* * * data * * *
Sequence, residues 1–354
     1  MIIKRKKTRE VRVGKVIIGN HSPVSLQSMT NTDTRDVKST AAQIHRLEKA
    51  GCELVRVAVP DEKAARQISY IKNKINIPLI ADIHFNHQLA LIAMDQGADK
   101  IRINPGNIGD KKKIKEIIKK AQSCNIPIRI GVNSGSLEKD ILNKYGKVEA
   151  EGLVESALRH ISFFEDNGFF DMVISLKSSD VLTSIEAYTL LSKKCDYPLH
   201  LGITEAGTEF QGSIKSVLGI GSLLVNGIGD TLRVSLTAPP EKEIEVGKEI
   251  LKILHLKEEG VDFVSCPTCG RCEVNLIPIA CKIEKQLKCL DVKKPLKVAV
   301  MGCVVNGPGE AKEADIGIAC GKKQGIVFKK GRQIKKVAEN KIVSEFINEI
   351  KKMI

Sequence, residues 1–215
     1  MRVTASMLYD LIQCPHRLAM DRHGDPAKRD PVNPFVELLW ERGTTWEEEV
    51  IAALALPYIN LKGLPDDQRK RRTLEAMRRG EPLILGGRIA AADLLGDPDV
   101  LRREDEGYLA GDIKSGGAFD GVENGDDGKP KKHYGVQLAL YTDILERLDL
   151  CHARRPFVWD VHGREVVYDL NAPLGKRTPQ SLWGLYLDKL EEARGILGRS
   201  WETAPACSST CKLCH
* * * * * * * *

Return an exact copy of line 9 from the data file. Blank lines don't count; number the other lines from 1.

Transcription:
   351  KKMI